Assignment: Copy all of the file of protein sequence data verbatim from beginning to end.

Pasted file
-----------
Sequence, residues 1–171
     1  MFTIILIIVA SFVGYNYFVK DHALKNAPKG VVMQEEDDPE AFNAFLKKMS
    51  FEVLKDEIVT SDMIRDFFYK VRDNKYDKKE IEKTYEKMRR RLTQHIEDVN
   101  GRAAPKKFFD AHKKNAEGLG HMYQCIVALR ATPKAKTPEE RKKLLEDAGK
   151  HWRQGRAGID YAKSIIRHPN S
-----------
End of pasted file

Sequence, residues 1–171
     1  MFTIILIIVA SFVGYNYFVK DHALKNAPKG VVMQEEDDPE AFNAFLKKMS
    51  FEVLKDEIVT SDMIRDFFYK VRDNKYDKKE IEKTYEKMRR RLTQHIEDVN
   101  GRAAPKKFFD AHKKNAEGLG HMYQCIVALR ATPKAKTPEE RKKLLEDAGK
   151  HWRQGRAGID YAKSIIRHPN S